When we are victims of injustices, we can find a lot of comfort knowing that if somebody offends us, God is on our side as God suffers from their sins even more than we do. But knowing this, that our offenders hurt God through what they do to us, also puts us in a strange position and gives us a great responsibility: It means that, like the manager in the story handles the debts contracted towards his Master, we all stand in between those who sin against us and God, and we have the choice to accuse or to release them in front of God.

So the question the Gospel has for us today could be this: How do we handle the debts people contract against God when their sin is hurting us?

It seems to me that this is really what Jesus is talking about. And what he advises us, as “children of light”, is to handle those debts created by sin in the same way the “children of this age” handle their own business. What the manager does is to use his in between position to reduce the debtors’ debts towards the Master because he knows he owes his Master even more and he is going to need friends– Well, I think this is how we are invited to look at our own situation as Christians. People sin against us and hurt us, but we also stand in need of forgiveness in front of the same God, and so the best thing to do is not to always accuse our offenders. That’s what we pray every time in the Lord’s prayer: We are sinners but we hope God will forgive us as we forgive each other’s offenses.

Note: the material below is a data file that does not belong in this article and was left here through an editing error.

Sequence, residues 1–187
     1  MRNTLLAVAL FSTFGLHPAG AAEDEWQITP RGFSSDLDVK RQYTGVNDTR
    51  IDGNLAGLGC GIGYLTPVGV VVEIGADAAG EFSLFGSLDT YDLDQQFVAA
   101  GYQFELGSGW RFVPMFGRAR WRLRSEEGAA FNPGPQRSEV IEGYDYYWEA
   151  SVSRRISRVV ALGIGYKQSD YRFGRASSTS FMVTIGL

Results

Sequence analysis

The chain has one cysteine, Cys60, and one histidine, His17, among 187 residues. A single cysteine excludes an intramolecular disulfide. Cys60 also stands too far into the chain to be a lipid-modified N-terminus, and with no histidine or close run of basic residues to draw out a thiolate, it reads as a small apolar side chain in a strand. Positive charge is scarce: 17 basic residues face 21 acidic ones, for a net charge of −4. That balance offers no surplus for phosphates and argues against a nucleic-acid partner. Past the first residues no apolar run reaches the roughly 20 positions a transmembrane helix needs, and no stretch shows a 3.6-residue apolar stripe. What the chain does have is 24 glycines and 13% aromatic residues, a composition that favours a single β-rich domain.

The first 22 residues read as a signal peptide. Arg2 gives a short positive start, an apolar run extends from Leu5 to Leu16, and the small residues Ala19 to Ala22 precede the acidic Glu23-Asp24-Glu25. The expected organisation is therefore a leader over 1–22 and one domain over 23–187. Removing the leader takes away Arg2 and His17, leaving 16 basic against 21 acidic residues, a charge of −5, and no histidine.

Paul today in the Letter to Timothy reminds us that we need to make for everyone supplications, prayers, intercession and thanksgiving. He says, of course Jesus is the only mediator between God and humankind, but if we pray to Jesus, we can all be mediators for one another, we can all intercede for one another, and what would be more precious to God’s heart that we may be able to intercede for those who hurt us? How could God hold something against them, if we don’t? St Teresa of Lisieux had often a naive and yet beautiful way to say deep things, and this is what she used to say: When somebody hurts me, I try not to show God that I suffer about it, so God will be more likely to forgive them.

Of course, it’s a manner of speaking, an image, as it’s an image when the manager writes off half the debts on his Master’s bills. God does not do the math, listing everything we owe to God and one another…It’s a manner of saying that even our sufferings, the way people hurt us, are an opportunity to do something good. I heard a pastor say something once I will never forget. He said: “When somebody hurts you, (…) you’ll have to make a choice”. Indeed, when people hurt us, we need to make a choice: Do we use what they did to us against them to make them feel bad about themselves / ashamed / guilty? Do we hold on to our grudges so we can feel better about ourselves / feel like the innocent, the righteous one? Or do we use the opportunity to mend the relationships/ set other free / not let the person be defined by what they did? How do we use the debts to open the future and head towards healing? Jesus says that like the manager, we have to make friends: work towards reconciliation. Not keep on accusing them.